Apple Pencil Integration

When using Sidecar, the Apple Pencil (first or second generation depending on your iPad) serves as a mouse alternative for clicking, selecting, and other on-screen control tasks. Think of the Apple Pencil as a mouse or trackpad when using it with Sidecar.

In apps like Photoshop and Illustrator, the Apple Pencil does even more. You can draw right in Photoshop or other similar Mac apps, which transforms the iPad into a graphics tablet for your Mac, not unlike a Wacom graphics tablet. It's a great way to create art, edit photos, and more with the interactivity of your Apple Pencil but the power of your Mac.

Keyboard Integration

When using a keyboard like Apple's Smart Keyboard with an iPad, the keyboard serves as an alternative to the Mac keyboard, letting you type like you would on the Mac in any open window.

Wired or Wireless Connection

Your Mac can be connected to your iPad over a wired or wireless connection. For a wired connection, you'll need an appropriate cable, such as a USB-C to USB-C cable for the newest iPad Pros or a USB-C to Lightning cable for Lightning-equipped iPad models.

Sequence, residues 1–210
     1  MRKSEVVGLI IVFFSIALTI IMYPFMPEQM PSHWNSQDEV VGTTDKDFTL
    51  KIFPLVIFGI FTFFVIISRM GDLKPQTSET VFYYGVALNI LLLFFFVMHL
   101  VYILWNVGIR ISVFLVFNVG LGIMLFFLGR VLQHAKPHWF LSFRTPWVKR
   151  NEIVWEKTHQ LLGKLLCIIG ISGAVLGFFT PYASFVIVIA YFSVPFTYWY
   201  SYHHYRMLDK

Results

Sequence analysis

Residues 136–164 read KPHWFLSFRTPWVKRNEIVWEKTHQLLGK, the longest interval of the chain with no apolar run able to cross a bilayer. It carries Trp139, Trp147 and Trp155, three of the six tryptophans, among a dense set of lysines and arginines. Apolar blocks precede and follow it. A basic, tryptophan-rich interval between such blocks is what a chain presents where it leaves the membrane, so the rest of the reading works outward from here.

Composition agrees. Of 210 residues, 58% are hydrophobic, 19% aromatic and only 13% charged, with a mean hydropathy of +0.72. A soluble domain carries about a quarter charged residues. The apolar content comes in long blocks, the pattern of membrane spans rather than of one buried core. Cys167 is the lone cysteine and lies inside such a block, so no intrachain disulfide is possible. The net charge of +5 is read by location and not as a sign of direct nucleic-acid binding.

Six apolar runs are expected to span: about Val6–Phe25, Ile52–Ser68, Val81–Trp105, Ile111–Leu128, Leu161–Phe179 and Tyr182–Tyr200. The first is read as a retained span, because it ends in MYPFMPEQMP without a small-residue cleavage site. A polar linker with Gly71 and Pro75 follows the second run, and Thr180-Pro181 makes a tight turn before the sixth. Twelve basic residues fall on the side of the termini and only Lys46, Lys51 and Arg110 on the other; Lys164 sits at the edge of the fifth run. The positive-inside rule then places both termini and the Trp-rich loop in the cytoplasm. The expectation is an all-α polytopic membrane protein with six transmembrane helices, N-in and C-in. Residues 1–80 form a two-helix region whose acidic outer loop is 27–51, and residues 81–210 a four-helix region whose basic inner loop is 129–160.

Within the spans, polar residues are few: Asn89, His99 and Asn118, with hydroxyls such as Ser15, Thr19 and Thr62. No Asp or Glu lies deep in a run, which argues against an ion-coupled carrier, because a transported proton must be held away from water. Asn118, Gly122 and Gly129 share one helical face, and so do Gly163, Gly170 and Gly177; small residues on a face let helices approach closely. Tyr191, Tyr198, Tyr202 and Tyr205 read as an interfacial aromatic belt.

Using a wired connection allows your iPad to charge and it should cut down on any latency issues you might see from a poor wireless connection. Using Sidecar over a wireless connection works well, though it might not work quite as well when connection speeds are low.

Using a wireless connection requires your iPad to be within 10 meters of your Mac, which is actually pretty far.

Touch Bar and Controls

Sidecar puts a control sidebar on your iPad for doing things like hiding or showing the dock, bringing up the on-screen keyboard, closing a window, or accessing controls like Shift, Command, Option, and Control.

Sidecar also adds a Touch Bar to the bottom of the iPad, which is the same as the Touch Bar on the Touch Bar-compatible MacBook Pro models. Even if your Mac doesn't naturally have a Touch Bar, these Touch Bar controls will show up.